Tuesday, June 09, 2015

Continuous Diagnostic Monitoring Does Not Detect Hackers

There is a dangerous misconception coloring the digital security debate in the Federal government. During the last week, in the wake of the breach at the Office of Personnel Management (OPM), I have been discussing countermeasures with many parties. Concerned officials, staffers, and media have asked me about the Einstein and Continuous Diagnostic Monitoring (CDM) programs. It has become abundantly clear to me that there is a fundamental misunderstanding about the nature of CDM. This post seeks to remedy that problem.

The story Federal cyber protection knocked as outdated, behind schedule by Cory Bennett unfortunately encapsulates the misunderstanding about Einstein and CDM:

The main system used by the federal government to protect sensitive data from hacks has been plagued by delays and criticism that it is already outdated — months before it is even fully implemented.

The Einstein system is intended to repel cyberattacks like the one revealed last week by the Office of Personnel Management (OPM)...

Critics say Einstein has been a multibillion-dollar boondoggle that is diverting attention away from the security overhaul that is needed...

To offset those shortcomings, officials in recent years started rolling out a Continuous Diagnostics and Mitigation (CDM) program, which searches for nefarious actors once they’re already in the networks. It’s meant to complement and eventually integrate with Einstein. (emphasis added)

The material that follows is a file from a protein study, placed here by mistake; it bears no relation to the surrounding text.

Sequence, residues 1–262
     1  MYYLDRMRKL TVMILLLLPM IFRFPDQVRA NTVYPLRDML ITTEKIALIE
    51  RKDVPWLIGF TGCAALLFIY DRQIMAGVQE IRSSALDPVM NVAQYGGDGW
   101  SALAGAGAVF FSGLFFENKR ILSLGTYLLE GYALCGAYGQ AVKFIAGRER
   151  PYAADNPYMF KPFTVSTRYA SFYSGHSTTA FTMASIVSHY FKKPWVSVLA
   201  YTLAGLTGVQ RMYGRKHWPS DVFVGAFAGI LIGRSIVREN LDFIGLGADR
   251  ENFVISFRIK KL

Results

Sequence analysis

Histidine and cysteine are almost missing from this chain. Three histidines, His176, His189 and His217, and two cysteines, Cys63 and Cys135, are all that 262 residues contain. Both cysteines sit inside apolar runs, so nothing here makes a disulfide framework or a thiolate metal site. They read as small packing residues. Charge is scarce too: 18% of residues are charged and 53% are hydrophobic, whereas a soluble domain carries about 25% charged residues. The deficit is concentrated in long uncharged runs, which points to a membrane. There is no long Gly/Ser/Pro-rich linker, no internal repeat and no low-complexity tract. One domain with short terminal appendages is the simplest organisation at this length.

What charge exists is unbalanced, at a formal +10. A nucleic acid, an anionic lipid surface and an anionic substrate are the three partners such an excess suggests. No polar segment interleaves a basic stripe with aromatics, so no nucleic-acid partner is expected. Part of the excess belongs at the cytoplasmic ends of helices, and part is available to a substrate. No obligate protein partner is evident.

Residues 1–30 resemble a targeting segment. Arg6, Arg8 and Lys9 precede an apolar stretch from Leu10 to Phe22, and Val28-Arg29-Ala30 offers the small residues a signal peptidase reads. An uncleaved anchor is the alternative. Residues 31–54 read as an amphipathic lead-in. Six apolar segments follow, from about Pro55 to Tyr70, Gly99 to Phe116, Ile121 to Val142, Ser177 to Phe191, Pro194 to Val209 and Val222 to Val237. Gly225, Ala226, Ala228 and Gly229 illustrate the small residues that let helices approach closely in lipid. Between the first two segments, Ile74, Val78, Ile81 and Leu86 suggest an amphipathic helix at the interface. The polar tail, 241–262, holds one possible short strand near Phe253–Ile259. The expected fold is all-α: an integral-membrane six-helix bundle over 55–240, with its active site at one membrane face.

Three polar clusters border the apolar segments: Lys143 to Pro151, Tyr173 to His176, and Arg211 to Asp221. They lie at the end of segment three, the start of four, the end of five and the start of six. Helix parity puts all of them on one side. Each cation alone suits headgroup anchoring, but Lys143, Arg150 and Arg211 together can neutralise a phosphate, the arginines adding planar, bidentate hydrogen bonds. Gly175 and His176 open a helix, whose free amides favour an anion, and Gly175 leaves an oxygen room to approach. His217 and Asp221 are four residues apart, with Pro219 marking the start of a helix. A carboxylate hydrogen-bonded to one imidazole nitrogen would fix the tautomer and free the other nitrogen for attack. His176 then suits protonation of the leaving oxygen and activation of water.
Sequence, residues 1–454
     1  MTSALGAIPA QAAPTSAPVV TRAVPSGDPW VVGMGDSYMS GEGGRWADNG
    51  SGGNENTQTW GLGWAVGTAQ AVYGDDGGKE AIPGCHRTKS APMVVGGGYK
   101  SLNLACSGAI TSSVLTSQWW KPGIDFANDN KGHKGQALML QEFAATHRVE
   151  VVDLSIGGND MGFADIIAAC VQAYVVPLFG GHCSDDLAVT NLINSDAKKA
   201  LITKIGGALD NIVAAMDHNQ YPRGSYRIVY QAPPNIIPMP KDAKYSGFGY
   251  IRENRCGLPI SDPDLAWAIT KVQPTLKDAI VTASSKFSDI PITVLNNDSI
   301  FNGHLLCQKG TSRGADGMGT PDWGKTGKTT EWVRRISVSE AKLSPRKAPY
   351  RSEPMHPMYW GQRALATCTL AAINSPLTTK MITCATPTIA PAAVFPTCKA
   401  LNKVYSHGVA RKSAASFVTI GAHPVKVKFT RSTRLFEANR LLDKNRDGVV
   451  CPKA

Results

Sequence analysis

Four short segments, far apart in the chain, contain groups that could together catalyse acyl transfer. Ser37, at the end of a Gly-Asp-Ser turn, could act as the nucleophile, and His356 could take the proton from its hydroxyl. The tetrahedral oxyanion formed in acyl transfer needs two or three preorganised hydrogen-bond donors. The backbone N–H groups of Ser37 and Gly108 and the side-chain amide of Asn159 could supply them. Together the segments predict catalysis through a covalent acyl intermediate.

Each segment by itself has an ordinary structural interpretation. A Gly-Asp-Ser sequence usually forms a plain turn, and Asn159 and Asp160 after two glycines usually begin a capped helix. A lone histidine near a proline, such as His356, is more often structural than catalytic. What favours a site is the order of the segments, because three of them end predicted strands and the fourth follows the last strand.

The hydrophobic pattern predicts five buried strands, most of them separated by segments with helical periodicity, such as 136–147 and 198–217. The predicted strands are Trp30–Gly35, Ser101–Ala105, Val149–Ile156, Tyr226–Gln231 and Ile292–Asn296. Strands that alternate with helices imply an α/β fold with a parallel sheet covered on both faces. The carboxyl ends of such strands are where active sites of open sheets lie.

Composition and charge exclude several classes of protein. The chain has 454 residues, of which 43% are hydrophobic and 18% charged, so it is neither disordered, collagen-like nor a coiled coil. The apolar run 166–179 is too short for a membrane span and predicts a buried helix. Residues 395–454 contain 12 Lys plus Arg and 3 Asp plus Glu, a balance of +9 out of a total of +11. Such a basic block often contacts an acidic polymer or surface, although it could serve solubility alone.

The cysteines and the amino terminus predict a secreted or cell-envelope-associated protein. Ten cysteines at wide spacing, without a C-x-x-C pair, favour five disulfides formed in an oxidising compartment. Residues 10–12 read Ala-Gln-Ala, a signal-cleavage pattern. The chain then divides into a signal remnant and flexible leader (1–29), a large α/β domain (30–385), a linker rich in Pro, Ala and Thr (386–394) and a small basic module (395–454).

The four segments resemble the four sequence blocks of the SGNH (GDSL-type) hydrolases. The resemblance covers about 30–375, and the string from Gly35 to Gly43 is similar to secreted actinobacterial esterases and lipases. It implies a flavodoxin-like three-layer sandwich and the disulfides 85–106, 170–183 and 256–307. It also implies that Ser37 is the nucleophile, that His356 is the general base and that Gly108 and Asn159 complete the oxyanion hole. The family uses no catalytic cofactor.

The section I bolded and underlined is 100% false. CDM does not "search" for "nefarious actors" "in the networks." CDM is a vulnerability management program. Please see the figure at the upper left. It depicts the six phases of the CDM program:

  1. Install/update "sensors." (More on this shortly)
  2. Automated search for flaws.
  3. Collect results from departments and agencies.
  4. Triage and analyze results.
  5. Fix worst flaws.
  6. Report progress.
CDM searches for flaws (i.e., vulnerabilities), and Federal IT workers are supposed to then fix the flaws. The "sensors" mentioned in step 1 are vulnerability management and discovery platforms. They are not searching for intruders. You could be forgiven for misunderstanding what "sensor" means. Consider the following from the DHS CDM page:


The CDM program enables government entities to expand their continuous diagnostic capabilities by increasing their network sensor capacity, automating sensor collections, and prioritizing risk alerts.

Again, "sensor" here does not mean "sensing" to find intruders. The next paragraph says:

CDM offers commercial off-the-shelf (COTS) tools, with robust terms for technical modernization as threats change. First, agency-installed sensors perform an automated search for known cyber flaws. Results feed into a local dashboard that produces customized reports, alerting network managers to their worst and most critical cyber risks based on standardized and weighted risk scores. Prioritized alerts enable agencies to efficiently allocate resources based on the severity of the risk. Progress reports track results, which can be used to compare security posture among department/agency networks.  Summary information can feed into an enterprise-level dashboard to inform and situational awareness into cybersecurity risk posture across the federal government.


The "situational awareness" here means configuration and patch status, not intrusion status.

I captured the CMD figure from US-CERT's Continuous Diagnostic Monitoring program overview (pdf). It also appears on the DHS CDM page. The US-CERT program Web page lists the core tools used for CDM as the following:

  • Intro to Hardware Asset Management (HWAM)
  • Intro to Software Asset Management (SWAM)
  • Intro to Vulnerability Management (VUL)